A danger to public health and welfare
In what could be a historic moment in the struggle against climate change, the environmental protection agency on Friday confirmed what most people have long suspected but had never been declared as a matter of federal law’s carbon dioxide and other greenhouse gases constitute a danger to public health and welfare.
The formal “endangerment finding” names carbon dioxide and five other heat trapping gases as pollutants subject to regulation under the federal clean air act. This in turn sets the stage – after a 60-day comment period – for broad new rules touching major sectors of the American economy and profoundly influencing how Americans use and generate energy.
Labels lift how the FDA could make nutrition facts more palatable. “I’ll have one serving size with a couple of grams of sugar, please.” Chances are you’ve never spoken a sentence like that out loud, because to most people, it doesn’t make sense. Yet that’s the kind of lingo food makers have used for years to tell Americans about what they’re eating, via the nutrition facts panel. Now, for the first time in a decade the food and drug administration is ready for a chance.
After many rounds of internal debate – and hefty criticism from health groups – the FDA recently submitted a list of proposed improvements for approval by the white house. Since the nutrition facts label was introduced in 1990, “the science and recommendations under – lying it have changed,” says Juli Putnam, an FDA spokesman. Whereas studies show that there are good and bad fats, for example, the label lumps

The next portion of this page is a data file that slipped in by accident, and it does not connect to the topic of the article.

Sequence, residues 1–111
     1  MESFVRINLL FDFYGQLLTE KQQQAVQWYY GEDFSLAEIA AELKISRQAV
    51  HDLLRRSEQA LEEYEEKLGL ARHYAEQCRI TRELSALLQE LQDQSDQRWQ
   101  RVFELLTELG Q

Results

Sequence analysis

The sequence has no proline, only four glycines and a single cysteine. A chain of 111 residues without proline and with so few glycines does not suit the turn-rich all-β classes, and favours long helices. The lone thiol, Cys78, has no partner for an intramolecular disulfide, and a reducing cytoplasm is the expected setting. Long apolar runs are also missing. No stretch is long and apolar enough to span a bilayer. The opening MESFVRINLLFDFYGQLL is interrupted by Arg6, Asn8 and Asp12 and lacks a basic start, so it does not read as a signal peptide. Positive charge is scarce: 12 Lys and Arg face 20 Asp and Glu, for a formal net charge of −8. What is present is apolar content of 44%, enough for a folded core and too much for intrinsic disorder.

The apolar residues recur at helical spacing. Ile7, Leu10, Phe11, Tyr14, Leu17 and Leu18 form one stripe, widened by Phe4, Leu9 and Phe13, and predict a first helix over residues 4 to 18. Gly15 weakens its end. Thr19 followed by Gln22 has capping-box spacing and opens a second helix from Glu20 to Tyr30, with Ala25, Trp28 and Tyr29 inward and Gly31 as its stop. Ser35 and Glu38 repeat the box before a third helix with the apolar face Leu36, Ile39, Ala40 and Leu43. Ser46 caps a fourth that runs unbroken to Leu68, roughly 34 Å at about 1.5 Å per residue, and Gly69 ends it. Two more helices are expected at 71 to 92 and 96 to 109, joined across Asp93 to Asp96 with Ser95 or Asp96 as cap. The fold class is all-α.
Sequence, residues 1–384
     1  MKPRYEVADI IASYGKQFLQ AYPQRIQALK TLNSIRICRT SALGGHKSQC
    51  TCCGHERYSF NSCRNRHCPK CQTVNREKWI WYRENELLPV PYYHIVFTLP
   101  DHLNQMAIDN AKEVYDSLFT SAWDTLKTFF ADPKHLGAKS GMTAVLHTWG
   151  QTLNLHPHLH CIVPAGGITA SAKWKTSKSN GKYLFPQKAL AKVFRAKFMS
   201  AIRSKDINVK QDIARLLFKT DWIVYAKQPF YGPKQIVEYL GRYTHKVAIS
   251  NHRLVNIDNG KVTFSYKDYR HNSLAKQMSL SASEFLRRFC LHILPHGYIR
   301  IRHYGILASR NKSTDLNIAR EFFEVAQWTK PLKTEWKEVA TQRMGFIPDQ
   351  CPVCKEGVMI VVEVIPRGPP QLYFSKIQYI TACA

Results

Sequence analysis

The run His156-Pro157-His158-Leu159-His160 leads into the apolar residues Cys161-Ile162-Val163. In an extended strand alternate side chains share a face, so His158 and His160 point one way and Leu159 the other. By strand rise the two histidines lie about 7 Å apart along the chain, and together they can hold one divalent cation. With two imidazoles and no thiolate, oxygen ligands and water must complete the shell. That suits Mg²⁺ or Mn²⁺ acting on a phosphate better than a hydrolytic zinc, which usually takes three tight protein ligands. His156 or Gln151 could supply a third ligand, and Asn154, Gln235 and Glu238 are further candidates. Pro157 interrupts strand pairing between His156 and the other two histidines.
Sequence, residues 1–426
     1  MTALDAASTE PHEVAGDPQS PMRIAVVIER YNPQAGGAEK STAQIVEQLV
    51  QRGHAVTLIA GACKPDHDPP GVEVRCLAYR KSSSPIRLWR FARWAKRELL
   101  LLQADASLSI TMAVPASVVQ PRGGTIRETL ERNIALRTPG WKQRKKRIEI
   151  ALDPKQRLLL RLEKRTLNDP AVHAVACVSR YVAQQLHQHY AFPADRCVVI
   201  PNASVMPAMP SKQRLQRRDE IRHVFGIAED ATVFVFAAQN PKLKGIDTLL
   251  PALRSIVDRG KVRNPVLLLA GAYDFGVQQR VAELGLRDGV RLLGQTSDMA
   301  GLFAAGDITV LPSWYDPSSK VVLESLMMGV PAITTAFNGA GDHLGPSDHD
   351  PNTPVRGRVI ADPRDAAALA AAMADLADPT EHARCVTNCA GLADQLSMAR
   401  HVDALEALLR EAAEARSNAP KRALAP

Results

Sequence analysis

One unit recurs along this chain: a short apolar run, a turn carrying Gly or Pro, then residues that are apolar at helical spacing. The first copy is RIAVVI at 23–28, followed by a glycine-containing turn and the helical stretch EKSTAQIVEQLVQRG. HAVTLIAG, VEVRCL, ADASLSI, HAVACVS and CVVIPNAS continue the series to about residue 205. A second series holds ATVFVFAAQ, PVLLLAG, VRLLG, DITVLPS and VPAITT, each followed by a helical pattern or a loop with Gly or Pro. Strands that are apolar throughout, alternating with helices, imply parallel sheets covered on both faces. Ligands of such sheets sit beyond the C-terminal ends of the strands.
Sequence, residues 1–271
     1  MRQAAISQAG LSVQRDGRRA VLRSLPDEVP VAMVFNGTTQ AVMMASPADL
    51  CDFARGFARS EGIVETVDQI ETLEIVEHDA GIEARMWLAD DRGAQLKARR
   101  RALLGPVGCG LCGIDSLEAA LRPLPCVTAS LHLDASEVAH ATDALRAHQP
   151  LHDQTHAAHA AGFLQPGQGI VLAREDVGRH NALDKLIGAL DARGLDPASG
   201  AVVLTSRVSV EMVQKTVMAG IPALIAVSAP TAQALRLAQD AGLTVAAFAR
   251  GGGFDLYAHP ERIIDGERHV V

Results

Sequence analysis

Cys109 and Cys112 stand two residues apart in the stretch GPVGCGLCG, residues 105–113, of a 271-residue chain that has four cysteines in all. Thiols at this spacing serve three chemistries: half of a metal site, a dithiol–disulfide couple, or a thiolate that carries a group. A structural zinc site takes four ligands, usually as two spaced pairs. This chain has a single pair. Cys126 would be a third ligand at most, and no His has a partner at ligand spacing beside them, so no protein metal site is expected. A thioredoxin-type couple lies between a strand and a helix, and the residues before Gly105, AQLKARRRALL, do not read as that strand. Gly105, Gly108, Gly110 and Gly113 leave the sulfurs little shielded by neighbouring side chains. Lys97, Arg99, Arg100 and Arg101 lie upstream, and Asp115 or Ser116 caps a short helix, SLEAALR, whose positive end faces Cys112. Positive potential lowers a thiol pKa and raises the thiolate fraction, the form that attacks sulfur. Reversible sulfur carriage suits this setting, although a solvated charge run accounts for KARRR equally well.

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All the fats together. And daily values for sodium are based one a 2,400 mg diet even though new research says those figures should be lower. Although the FDA won’t say when the changes will take effect – it could be years – or what they will be, many nutrition experts have already chimed in with suggestions. But Dr. Robert Lustig, a professor of clinical pediatrics at the university of California, Sand Francisco, warns that helath advocates should temper their expectations. After all, food processing companies spent over $28 million last year on lobbying efforts, some of which were aimed at the FDA. None the less, even a small tweak could pay big dividends. Now that 42% of working base Americans are reading nutrition fact labels (up from 34% in 2008), they could play a key part in combatting the obesity epidemic. “None of these are block-buster changes,” says Michael Jacobson, executive director of the center for science in the public Internet. “They’re steps.”